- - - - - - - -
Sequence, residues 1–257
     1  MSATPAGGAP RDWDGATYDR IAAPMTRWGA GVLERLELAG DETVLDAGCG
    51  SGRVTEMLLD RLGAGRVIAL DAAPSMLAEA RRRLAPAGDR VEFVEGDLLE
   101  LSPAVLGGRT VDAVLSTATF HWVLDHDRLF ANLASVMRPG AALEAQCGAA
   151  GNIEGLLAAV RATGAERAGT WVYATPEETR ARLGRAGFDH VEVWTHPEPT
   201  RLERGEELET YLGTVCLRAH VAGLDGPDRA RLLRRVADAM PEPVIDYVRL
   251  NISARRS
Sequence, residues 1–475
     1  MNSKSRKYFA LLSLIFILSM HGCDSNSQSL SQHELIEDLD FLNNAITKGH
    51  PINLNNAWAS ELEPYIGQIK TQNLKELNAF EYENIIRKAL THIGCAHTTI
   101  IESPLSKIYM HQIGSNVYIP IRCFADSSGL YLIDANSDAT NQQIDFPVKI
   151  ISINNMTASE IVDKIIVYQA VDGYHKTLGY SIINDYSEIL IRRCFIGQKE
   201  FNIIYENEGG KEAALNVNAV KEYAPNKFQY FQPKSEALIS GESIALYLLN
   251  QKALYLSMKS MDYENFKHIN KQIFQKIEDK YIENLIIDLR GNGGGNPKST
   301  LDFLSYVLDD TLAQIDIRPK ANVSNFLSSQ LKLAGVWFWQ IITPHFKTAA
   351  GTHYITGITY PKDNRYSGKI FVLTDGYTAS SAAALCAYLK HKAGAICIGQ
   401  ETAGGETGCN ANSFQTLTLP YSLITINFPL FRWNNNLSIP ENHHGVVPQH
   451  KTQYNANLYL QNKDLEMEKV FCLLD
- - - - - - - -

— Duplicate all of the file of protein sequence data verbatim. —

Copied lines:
Sequence, residues 1–257
     1  MSATPAGGAP RDWDGATYDR IAAPMTRWGA GVLERLELAG DETVLDAGCG
    51  SGRVTEMLLD RLGAGRVIAL DAAPSMLAEA RRRLAPAGDR VEFVEGDLLE
   101  LSPAVLGGRT VDAVLSTATF HWVLDHDRLF ANLASVMRPG AALEAQCGAA
   151  GNIEGLLAAV RATGAERAGT WVYATPEETR ARLGRAGFDH VEVWTHPEPT
   201  RLERGEELET YLGTVCLRAH VAGLDGPDRA RLLRRVADAM PEPVIDYVRL
   251  NISARRS
Sequence, residues 1–475
     1  MNSKSRKYFA LLSLIFILSM HGCDSNSQSL SQHELIEDLD FLNNAITKGH
    51  PINLNNAWAS ELEPYIGQIK TQNLKELNAF EYENIIRKAL THIGCAHTTI
   101  IESPLSKIYM HQIGSNVYIP IRCFADSSGL YLIDANSDAT NQQIDFPVKI
   151  ISINNMTASE IVDKIIVYQA VDGYHKTLGY SIINDYSEIL IRRCFIGQKE
   201  FNIIYENEGG KEAALNVNAV KEYAPNKFQY FQPKSEALIS GESIALYLLN
   251  QKALYLSMKS MDYENFKHIN KQIFQKIEDK YIENLIIDLR GNGGGNPKST
   301  LDFLSYVLDD TLAQIDIRPK ANVSNFLSSQ LKLAGVWFWQ IITPHFKTAA
   351  GTHYITGITY PKDNRYSGKI FVLTDGYTAS SAAALCAYLK HKAGAICIGQ
   401  ETAGGETGCN ANSFQTLTLP YSLITINFPL FRWNNNLSIP ENHHGVVPQH
   451  KTQYNANLYL QNKDLEMEKV FCLLD